Amid the narrow, crowded stacks of Sterling Memorial Library, millions of books sit inert, untouched by library patrons for years. But a small handful of these books should not be where they are, mistakenly shelved in the wrong spaces.

Some books are stolen. Others are lost — or even purposely hidden — by patrons. Some are simply mis-shelved. In all, 143 books from Sterling Memorial Library and Bass Library were reported lost in 2009, said Geoffrey Little, communications coordinator for the library, though he acknowledged the figure does not account for books that were lost but not reported.

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“We only know about book losses when someone reports them to us,” said Joan Swanekamp, chief catalog librarian. “And in many cases we can’t tell whether the book disappeared yesterday or 50 years ago.”

While the library cannot control whether patrons lose books after checking them out, Sterling staff work to make sure they do not lose books on their end, inside the library.

To resolve the problem of employees mis-shelving books, Anthony Riccio, the manager of Sterling’s stacks, developed a system in 2003 for employees to check the location of books.

Sterling stacks employees are each assigned a flag number that is inserted inside selected books as a placemarker when they are shelved, Riccio said. Once books are in the stacks, other employees check the books’ placements for accuracy.

“It’s humanly impossible for anyone to make a mistake” using this system, he said.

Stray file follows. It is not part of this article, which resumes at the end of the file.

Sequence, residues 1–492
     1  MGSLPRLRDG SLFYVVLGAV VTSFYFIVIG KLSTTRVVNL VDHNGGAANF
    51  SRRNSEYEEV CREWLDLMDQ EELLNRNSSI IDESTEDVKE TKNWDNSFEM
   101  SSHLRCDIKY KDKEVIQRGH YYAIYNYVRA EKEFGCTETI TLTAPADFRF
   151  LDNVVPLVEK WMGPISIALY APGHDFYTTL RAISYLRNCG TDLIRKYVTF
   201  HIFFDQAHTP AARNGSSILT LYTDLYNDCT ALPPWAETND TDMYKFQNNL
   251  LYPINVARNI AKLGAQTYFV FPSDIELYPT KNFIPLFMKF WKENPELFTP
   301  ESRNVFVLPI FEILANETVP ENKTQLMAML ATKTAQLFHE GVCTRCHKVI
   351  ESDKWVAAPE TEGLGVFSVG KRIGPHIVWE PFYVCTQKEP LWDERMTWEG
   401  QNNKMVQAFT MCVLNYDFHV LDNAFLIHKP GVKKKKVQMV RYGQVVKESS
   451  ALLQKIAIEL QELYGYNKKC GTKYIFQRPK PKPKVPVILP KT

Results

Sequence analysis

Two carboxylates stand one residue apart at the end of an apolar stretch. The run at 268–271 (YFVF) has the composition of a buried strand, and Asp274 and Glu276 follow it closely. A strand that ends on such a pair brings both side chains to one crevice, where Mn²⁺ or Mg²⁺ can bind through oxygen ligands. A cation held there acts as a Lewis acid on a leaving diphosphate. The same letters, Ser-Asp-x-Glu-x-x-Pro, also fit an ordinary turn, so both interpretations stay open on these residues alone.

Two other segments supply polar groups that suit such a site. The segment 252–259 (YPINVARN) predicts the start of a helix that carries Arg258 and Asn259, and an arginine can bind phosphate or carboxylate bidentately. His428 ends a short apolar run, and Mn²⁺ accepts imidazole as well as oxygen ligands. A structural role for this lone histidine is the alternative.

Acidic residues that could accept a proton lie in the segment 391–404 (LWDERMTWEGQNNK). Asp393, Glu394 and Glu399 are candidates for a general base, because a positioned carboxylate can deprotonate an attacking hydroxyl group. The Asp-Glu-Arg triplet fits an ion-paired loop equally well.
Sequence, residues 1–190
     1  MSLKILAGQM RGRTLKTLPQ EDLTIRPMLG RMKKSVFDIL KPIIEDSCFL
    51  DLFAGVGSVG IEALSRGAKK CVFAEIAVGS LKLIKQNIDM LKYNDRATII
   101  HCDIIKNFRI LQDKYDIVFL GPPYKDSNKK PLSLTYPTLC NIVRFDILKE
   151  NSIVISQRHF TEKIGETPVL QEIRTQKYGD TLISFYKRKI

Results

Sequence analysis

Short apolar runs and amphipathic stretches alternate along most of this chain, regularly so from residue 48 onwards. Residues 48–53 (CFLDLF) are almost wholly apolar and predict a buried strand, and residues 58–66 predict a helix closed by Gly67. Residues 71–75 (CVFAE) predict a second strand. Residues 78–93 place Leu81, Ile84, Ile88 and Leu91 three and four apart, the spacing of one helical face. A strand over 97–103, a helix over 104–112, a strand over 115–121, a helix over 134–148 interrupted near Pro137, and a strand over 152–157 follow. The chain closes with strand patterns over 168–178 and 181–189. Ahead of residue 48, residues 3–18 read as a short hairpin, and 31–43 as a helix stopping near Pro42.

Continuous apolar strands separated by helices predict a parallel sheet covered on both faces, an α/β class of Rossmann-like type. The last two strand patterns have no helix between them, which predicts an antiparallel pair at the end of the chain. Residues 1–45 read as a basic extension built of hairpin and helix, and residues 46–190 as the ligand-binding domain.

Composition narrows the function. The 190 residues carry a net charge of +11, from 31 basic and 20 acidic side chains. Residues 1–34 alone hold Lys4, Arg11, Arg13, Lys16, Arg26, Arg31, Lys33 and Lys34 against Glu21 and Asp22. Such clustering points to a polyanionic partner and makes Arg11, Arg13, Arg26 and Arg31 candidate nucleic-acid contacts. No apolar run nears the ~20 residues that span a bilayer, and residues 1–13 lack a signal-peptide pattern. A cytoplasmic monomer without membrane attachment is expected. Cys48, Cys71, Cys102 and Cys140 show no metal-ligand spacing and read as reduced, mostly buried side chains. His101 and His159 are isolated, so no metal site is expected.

But while Riccio is confident in his method and has even presented it to his colleagues at library conferences, the system has not caught on at other schools. Yale’s unique system — with a meticulous approach to checking employees’ work — is an added layer of protection for Yale’s valuable book collections.


Before the implementation of the current system in 2003, Riccio said, employees would simply glance at the spines of books in library stacks to look for out-of-place materials — an approach still used in Bass Library, said Brad Warren, head of access services at Bass and Sterling. But in Sterling, the roughly four million volume collection is so vast that it is impractical to give such intensive attention to every shelf.

Instead, Yale’s placemarker approach can best be described as preventative, ensuring that employees do not shelve books in the wrong places.

Because Sterling shelves more than 400,000 volumes per year, Riccio said, he estimated that a 3 percent rate of human error results in more than 12,000 books being misplaced by library staff, an unacceptable number of mistakes for an institution of Yale’s size, he said. Based on the placemarker system, employees’ collective and individual performances are brought up frequently in staff meetings, encouraging high-quality work — although no disciplinary action is taken as a result of employees’ accuracy rates, Riccio said.

Riccio estimated that 20 to 25 percent of books in Sterling reported missing by patrons were later retrieved by employees, with searches lasting as long as one or two years.

While Riccio is confident in the success rate of his system, he was at a loss for words when asked why other libraries have not followed a similar approach.

Johnny Weyand, head of collections management at Harvard’s Widener Library, said Harvard does not follow Yale’s preventative approach, but rather uses a targeted system to find books that are reported lost. He said Weidner uses a “tracing unit” composed of library employees whose primary function is to locate items reported missing.

“These are trained staff whose specific job it is to go out looking once a book shows up as not where it needs to be,” Weyand said. “Most large universities, in fact, have a system similar to that of our own.”